As we start to emerge from lock-down, can we move into it with full open hearts, with love and compassion for ourselves and others?
We all to some degree have been isolated and closed off from everyone around us (some more than others) for many months now. Even as we tentatively move out of lock-down we will continue to feel ‘separated’ due to the social distancing guidelines.
This is a time to be whole-hearted so we can bridge those physical distances with mental, emotional and spiritual connections. But do we know how to 'feel' whole, to 'be' whole-hearted?
We need to feel a connection to the deeper sense of who we are, in order to feel whole and complete ourselves before we can connect wholeheartedly with those around us.
Self love, self nourishment, self care are vital in these times, to know 'what' that entails, we have to know and connect to ourselves.
Why do you get on your yoga mat or your meditation cushion?
For the love of yoga?
For the love of me-time?
For the love of the physical workout?
For the love of the mental stillness?
For the love of learning?
Your Online lock-down practice may reveal ‘why’ you get on your mat, why you practice.
With these pre-recorded online sessions, no-one is ‘making’ you, no-one knows whether you practice or not (other than your family or your cat!). You certainly aren’t tied to a fixed time or location for the class, no-one is relying on meeting you there and no-one knows if you even complete the session.
So why do you practice?
Is it pure discipline or a feeling that you ‘should’? If so, what is the ‘because’ part of that ‘should’? That might be your ‘why’.
When we bring a ‘love of something’ and a little commitment, discipline becomes devotion.
It becomes an authentic ‘love’ centered way of life.
This month is not about encouraging you to devote yourself to yoga specifically, it is about encouraging you to find what you love doing, what makes your heart sing, what makes you feel alive and whole. Our yoga practice can help us tune into our deeper self, into our heartfelt desires and a sense of aliveness being ignited. Once connected to 'that' we can wholeheartedly devote ourselves to life and to that deeper connection we have with others and the world around us.
We can use our yoga practice of asana, pranayama, meditation and savasana to quieten the ego, quieten the superficial versions of ourselves, providing space and stillness to ask ourselves those questions and journal whatever thoughts/answers arise. Allowing the words to flow without editing from our self-judgement or self-doubt. If words don't flow then doodle, often these doodles can express things that words cannot.
We can make mandalas, placing 'our-self' at the centre. Allow the mandala to evolve, filling the sections with things that connect you to your centre. It could be words, colours, pictures or natural items that represent aspects of your happiness and well-being, as long as it means something to you.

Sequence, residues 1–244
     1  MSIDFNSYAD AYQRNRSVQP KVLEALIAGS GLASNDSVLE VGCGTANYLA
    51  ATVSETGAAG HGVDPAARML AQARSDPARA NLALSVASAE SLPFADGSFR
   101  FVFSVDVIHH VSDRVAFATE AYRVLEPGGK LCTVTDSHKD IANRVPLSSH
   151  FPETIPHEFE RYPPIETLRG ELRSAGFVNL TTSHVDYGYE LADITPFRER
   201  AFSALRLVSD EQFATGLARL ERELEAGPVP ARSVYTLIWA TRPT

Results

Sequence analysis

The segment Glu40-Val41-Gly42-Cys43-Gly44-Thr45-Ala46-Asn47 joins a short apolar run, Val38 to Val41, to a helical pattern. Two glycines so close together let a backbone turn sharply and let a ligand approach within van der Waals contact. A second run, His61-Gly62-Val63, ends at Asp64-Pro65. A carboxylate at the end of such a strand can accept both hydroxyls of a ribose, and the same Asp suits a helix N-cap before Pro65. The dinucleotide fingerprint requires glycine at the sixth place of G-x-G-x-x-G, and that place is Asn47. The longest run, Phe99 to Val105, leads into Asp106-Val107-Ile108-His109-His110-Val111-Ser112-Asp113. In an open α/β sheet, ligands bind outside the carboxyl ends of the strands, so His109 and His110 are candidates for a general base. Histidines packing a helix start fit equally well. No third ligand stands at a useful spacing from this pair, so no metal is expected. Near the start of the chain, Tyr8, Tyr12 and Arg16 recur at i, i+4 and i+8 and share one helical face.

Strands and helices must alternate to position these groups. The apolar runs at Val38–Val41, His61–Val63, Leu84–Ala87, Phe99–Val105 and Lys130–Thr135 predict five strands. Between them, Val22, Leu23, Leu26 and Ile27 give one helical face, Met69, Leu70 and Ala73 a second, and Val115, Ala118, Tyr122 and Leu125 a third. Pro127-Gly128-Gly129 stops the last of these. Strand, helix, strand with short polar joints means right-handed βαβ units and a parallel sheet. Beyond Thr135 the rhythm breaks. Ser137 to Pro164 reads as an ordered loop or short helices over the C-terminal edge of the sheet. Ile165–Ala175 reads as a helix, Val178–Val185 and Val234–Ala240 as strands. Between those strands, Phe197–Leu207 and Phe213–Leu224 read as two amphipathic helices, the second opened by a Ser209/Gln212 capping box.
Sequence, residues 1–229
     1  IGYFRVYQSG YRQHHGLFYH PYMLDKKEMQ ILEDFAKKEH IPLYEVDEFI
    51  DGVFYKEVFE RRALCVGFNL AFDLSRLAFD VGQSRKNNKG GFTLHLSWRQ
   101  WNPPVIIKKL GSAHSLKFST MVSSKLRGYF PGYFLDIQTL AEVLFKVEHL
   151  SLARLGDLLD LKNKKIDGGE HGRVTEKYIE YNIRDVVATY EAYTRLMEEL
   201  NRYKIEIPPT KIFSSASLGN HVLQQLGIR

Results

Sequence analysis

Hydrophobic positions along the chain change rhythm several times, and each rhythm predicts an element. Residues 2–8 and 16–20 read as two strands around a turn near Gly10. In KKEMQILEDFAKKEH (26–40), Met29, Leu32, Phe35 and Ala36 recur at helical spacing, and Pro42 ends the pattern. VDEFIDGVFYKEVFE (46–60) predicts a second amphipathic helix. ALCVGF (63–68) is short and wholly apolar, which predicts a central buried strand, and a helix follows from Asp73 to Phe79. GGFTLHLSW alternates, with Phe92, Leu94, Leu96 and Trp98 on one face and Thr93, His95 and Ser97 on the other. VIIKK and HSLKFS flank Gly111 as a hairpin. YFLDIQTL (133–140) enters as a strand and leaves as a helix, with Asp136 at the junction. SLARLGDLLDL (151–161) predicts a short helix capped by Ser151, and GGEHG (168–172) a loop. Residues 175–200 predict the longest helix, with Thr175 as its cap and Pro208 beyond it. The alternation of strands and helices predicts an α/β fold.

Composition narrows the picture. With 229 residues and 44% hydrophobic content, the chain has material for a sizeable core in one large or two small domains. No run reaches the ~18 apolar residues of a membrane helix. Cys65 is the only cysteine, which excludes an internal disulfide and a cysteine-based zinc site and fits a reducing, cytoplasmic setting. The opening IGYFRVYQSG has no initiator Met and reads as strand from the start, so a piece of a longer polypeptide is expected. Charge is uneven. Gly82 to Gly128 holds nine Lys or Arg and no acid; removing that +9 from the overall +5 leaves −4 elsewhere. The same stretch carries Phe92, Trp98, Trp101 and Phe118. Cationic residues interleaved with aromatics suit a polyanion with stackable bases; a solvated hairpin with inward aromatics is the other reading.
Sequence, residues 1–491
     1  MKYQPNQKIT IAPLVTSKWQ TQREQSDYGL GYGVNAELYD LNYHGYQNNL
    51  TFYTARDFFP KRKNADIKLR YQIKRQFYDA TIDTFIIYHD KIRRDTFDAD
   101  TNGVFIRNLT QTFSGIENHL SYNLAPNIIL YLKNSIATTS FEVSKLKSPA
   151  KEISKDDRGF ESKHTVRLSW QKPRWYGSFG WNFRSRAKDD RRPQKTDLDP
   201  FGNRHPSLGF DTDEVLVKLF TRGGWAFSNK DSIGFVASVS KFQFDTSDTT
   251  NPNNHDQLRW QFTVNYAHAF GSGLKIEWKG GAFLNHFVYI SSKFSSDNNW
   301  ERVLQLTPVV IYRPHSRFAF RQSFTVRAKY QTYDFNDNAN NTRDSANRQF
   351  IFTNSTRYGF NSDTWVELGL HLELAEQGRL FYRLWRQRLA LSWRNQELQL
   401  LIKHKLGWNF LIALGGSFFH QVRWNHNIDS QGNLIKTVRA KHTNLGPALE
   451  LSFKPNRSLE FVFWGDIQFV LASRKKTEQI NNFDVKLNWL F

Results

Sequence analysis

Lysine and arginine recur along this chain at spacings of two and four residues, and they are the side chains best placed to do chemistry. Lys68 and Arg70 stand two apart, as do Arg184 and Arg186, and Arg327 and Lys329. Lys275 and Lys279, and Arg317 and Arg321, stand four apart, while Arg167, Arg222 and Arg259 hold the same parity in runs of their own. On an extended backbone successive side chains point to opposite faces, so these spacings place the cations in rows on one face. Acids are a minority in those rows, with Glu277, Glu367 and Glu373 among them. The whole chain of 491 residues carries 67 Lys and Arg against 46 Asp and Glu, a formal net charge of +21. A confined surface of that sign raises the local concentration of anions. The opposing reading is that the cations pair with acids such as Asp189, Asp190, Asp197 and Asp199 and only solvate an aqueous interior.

When you know what connects you to your centre, these things become your self-care responsibilities. These things need to be included in your life, to keep connecting you to your centre. When we take care of our needs, we become whole and whole-hearted.
In quantum physics it is documented that a subtle vibrational energy is the substratum of everything we know. Long before quantum physics was a ‘thing’ the traditions of yoga philosophy recognised this energy and referred to it as Shakti; the formless source of everything.
In Hindu traditions this Shakti takes forms as Gods and Goddesses that represent the multiple aspects of our own consciousness.
Lakshmi is the Goddess of Abundance and Good Fortune. She represents that part of us that sees beauty in everything, experiences gratitude for the simple things and is kind and generous in spirit.
“Let the beauty of what you love be what you do” Rumi
“Lakshmi is an aspect of our life-force: the sense of sufficiency, abundance and beauty is built into us, and so is the need for it” Sally Kempton, Awakening Shakti.
Like the natural cycle of breath, the natural action that Lakshmi takes in us is the fine balance of giving and receiving.
Without receiving what we need we feel depleted, stressed, anxious and lacking.
Without giving we become arrogant, entitled, hard and narcissistic.
We are wholehearted when we allow ourselves to ‘receive’ with the feeling that we deserve the gifts of life and then ‘give’ with the feeling that others deserve them also.
If we wish to invoke wholeheartedness and all the qualities that Lakshmi represents we can use the following mantra:
Om shrim maha lakshmyai namaha
Ohm shreem muh-hah luhk-shmyai nuh-muh-huh
Last month we observed the cycles within us and in the world around us, we began to feel the interconnectedness of it all. That we need both light and dark, action and inaction, giving and receiving, to breathe in and to breathe out, in order to be whole.
This month we’re tuning into that subtle energy (Shakti) to the sense of abundance and to our deeper Self. Becoming wholeheartedly devoted to ourselves, to life and to love.
I feel it also invites us to revisit the last of Patanjali’s Niyamas:
Ishvara Pranidhana - asks us to surrender to a power that is bigger than you or I, to something that we are all a small part of, whatever we choose to name it or maybe leave it unnamed.
To surrender to this unknown is not a passive act, it is to be an active participant in life, without the need to control it, to fully experience the magnitude and mystery that it is to be human
The ego resists surrender, fights to be in charge, but when we relinquish the power of the ego, life begins to nourish and support us in amazing ways.
As you practice this month, continue asking yourself why you’re here on the mat, what do you need to receive or let go of in order to feel whole and complete.
Have the intention to cultivate the qualities of the Goddess Lakshmi.
See you on the mat!
Om Shanti Shanti Shanti